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Woods aims to prove doubters wrong
SAN MARTIN, CALIF.
Tiger Woods returns to golf — albeit the minor leagues — this week with a different caddie, a different outlook and hopes of avoiding the same old story.
Since his world came apart in November 2009, very little's gone right for the slumping Woods, who remains winless and has plummeted to No. 51 in the world rankings.
Each of his comebacks has, for varied reasons, fallen flat and, to boot, a number of golf's elder statesmen, from Greg Norman to Nick Faldo, have declared that Woods won't win another major.
"I've heard that before. It's not the first time I've heard that," Woods said defiantly Wednesday at CordeValle Golf Club when I asked him about being written off at 35.
"I've kept on winning them, too."
The desire to prove the chattering classes wrong burns deep within Woods — a trait he shares with his mentor, Michael Jordan — but that alone is not enough to resuscitate a career that's lost its way.
Woods needs more and he knows it; he needs a game.
"You gotta look at what the ball is doing," said Rocco Mediate, the Frys.com defending champion who's both a fan of Woods and a vocal critic of his swing changes, firstly under Hank Haney and now under Sean Foley.
"It's simple. If it's going crooked, there's a problem.
"If the club is in the wrong place, the ball won't go where you're looking."
It didn't much go where Woods was looking during Wednesday's pro-am at CordeValle, an aesthetic course cut into the hills south of San Jose. He hit two drives into water hazards on the back nine.
And it really didn't go where he was looking the last time we saw him, at the PGA Championship in August, where he missed the cut. The week before, he finished in an uninspiring tie for 37th at Firestone Country Club, a course on which he'd won seven times.
But, Woods declared on Wednesday, this time is different.
He maintains that he's finally ready to play.
"I was shut down basically from the Masters until the Bridgestone," he said of the left-leg injuries that limited him to just nine holes from April to August.
"That's not a lot of golf, and I didn't really practice a lot prior to that.
"So, I just need to get out there and get the reps, get holes, hit shots."
If he's looking for harbingers, he set the course record — 62 — at his new home course, the Greg Norman-designed Medalist, in Jupiter, Fla., last week.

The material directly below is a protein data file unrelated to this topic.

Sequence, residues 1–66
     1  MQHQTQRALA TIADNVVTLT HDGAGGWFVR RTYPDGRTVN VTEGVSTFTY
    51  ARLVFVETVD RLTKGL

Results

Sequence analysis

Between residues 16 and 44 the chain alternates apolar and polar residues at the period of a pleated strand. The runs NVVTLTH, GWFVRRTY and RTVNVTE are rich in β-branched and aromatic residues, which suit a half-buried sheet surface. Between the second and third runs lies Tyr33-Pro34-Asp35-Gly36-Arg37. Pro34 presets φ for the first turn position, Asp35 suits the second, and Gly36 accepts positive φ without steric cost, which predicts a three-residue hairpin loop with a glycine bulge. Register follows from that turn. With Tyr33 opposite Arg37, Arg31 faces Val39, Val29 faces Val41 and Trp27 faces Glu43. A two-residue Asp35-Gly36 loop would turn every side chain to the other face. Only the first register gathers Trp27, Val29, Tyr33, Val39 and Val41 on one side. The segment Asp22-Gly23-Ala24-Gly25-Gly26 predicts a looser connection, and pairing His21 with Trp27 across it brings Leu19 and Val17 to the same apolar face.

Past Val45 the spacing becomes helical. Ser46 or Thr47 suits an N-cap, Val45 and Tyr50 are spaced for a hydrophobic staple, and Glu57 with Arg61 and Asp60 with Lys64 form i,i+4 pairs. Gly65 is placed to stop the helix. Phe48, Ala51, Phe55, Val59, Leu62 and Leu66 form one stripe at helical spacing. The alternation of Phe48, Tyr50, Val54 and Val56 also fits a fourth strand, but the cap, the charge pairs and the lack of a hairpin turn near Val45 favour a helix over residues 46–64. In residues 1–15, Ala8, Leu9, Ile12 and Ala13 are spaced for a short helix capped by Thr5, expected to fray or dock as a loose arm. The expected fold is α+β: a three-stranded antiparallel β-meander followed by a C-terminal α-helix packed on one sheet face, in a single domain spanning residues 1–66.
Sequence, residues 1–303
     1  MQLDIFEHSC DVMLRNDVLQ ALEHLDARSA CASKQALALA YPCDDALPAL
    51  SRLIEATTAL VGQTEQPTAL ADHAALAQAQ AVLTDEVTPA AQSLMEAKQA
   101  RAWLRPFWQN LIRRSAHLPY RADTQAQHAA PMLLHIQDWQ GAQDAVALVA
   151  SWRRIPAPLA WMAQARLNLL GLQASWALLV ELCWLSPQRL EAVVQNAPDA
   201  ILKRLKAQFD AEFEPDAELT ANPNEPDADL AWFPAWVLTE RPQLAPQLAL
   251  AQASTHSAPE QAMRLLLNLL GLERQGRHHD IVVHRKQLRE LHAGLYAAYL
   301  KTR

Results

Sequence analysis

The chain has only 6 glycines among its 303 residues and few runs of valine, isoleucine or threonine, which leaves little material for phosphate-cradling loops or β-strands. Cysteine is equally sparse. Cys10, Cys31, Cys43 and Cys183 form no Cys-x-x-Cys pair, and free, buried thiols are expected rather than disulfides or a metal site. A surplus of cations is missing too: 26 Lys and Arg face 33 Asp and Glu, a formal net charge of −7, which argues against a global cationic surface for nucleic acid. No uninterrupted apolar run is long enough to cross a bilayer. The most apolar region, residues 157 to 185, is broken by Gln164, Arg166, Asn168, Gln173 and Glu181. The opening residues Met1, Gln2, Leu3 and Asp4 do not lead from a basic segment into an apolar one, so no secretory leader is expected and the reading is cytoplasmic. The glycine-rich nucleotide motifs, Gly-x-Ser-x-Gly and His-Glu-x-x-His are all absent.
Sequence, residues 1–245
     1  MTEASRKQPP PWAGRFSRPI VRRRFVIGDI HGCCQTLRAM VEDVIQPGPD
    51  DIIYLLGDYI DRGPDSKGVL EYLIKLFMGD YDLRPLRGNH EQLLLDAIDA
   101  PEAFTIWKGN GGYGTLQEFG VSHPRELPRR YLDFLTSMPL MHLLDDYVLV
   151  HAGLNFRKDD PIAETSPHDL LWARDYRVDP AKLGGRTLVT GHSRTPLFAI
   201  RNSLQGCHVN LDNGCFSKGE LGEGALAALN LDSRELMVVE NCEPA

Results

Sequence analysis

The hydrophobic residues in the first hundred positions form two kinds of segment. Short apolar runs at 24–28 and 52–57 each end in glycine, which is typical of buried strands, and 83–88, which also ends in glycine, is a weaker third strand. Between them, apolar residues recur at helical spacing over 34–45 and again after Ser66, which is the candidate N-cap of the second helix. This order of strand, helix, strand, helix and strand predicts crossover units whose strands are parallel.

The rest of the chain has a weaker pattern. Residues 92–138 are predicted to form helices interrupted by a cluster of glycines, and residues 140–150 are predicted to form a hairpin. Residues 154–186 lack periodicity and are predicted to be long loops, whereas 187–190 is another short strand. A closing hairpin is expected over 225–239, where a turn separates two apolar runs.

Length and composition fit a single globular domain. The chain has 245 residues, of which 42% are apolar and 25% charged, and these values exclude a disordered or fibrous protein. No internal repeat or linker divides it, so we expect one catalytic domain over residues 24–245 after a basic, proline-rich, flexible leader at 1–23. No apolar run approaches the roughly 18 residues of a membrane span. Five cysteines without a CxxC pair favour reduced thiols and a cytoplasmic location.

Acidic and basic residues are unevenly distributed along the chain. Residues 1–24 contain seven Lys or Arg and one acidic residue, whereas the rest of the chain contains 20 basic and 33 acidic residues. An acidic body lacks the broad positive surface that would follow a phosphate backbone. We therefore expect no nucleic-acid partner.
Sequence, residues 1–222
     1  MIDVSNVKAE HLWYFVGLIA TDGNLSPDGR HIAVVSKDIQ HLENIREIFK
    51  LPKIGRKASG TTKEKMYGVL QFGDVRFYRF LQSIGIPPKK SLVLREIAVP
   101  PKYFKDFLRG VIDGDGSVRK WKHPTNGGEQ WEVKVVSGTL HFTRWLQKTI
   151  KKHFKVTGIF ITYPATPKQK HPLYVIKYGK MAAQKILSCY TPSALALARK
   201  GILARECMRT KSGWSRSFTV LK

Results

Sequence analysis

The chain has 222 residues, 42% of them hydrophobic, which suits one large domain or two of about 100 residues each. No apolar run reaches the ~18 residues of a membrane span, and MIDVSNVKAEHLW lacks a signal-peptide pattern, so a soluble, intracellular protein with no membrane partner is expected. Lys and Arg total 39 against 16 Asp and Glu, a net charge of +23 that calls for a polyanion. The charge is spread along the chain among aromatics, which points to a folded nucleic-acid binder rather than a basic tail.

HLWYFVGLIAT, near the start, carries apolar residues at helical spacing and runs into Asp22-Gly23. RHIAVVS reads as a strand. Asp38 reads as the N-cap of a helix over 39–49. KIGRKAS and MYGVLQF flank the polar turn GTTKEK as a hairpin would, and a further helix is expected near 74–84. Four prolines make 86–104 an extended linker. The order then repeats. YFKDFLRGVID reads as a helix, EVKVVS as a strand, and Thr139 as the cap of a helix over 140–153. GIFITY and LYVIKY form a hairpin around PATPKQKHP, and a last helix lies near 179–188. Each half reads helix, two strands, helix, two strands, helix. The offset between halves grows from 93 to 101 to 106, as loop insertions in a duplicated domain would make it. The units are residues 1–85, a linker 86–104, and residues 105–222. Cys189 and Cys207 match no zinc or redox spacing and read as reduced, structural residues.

In 1997, the week before his record-setting romp at the Masters, Woods shot 59 at Isleworth, his home course in Orlando, Fla. And the week before his 15-shot coronation at Pebble Beach in the 2000 US Open, he set the course record at Rio Secco in Las Vegas.
"I hadn't posted a low round in a long time," Woods said Wednesday.
"To be honest with you, it was pretty easy and I left a few out there.
"It's just one of those days where, you know, I've been playing so much golf at home. I've been playing 36 and 45 holes a day, trying to get my playing instincts back and just my playing feels.
"You can do whatever you want on the range, but actually playing, thoughts are a little bit different. And that's one reason why I've been playing so much.
"And finally, I've started to turn the corner.
"I was starting to shoot some really good rounds, a bunch of 66s and 65s, but I hadn't taken it deep. And that was fun to actually post a 62."
But there's a world of difference between running around in a cart with buddies and playing a tournament.
Woods will need to show he can at least bridge that gap this week.
It won't hurt him that he'll have the veteran Joe LaCava on his bag for the first time this week.
LaCava, who's spent most of his career with Fred Couples, shockingly to many within golf, left Dustin Johnson to carry Woods' bag.
Woods said he had a "a very nice comfort level" with LaCava, who takes over for the fired Steve Williams.
"I like the way he worked, and you know, it's just one of those decisions where my gut said it was the right thing to do," he said of his decision to hire him.
"I liked his personality on how he was with his players, how he would step in when need be and he also knew how to encourage and he knew when to step out.
"Each player is different, you know. Freddie's very different from Davis (Love III), and, obviously, Dustin is a little bit different than both of them, and he's been successful with all of them."
Although I've been around him long enough to know the answer he'd give, I asked Woods whether he agreed with those who say the Tiger Era is over.
"I think I just answered that, didn't I?" he replied.
In words only.
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